STUDY OF VERY-HIGH-ALTITUDE BURSTS WITH AIRBORNE UHF RADAR
MASSACHUSETTS INST OF TECH LEXINGTON LINCOLN LAB
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The principal objective of this experiment was to study the backscattering of electromagnetic radiation caused by products of high-altitude nuclear detonations in the UHF radar band. Two airborne radars were instrumented on frequencies of 425 and 675 mc. Several other measurements on propagation effects were undertaken. The results indicated a pronounced effect which is significant for both scientific and operational considerations. Reflective effects occurred for nearly an hour after the detonation. Apparent absorption predominated for a period of approximately a minute or less, and was less for the higher burst altitude. This period was followed by one of reflection or refraction, which lasted in some form for almost an hour. The initial reflections indicated a medium of randomly distributed electron density. Gradually, a shift took place to elongated reflecting regions aligned with the earths magnetic field, similar in reflective properties to those observed from natural aurora by previous experimenters.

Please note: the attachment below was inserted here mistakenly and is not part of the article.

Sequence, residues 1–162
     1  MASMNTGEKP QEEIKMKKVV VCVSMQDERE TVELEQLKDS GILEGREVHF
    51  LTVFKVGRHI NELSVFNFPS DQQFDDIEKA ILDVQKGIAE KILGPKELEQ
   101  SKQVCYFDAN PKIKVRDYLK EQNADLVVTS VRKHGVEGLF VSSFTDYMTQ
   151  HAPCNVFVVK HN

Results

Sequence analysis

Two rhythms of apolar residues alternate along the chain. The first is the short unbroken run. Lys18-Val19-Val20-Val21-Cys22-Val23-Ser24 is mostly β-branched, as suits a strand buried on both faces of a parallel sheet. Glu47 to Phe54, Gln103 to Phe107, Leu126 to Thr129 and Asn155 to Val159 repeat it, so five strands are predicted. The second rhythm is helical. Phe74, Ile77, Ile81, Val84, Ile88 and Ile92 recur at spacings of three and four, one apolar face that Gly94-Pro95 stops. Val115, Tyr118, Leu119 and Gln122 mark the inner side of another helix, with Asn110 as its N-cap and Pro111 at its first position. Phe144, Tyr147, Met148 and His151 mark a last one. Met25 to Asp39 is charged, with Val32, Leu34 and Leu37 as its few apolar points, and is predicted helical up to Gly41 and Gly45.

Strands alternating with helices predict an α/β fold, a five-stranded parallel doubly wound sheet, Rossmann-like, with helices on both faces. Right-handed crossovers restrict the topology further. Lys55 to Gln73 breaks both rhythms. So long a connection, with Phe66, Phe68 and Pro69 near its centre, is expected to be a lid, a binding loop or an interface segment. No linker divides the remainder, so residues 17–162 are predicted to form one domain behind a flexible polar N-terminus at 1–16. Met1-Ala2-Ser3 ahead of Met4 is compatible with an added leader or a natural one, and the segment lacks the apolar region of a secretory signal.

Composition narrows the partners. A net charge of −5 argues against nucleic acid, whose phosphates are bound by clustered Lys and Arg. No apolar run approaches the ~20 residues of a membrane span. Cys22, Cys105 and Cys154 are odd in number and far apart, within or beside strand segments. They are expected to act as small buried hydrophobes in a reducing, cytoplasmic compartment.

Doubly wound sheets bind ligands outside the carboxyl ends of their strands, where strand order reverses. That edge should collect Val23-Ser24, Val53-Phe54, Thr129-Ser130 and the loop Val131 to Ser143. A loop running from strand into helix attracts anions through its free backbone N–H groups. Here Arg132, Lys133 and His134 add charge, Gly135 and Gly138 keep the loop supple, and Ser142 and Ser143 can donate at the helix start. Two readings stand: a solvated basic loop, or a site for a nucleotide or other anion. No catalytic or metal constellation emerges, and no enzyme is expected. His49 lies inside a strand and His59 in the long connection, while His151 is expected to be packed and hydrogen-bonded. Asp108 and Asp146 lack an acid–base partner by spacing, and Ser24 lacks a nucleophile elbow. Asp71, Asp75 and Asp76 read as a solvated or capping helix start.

- Active and Passive Radar Detection and Equipment
- Nuclear Weapons
- Electricity and Magnetism
- Nuclear Physics and Elementary Particle Physics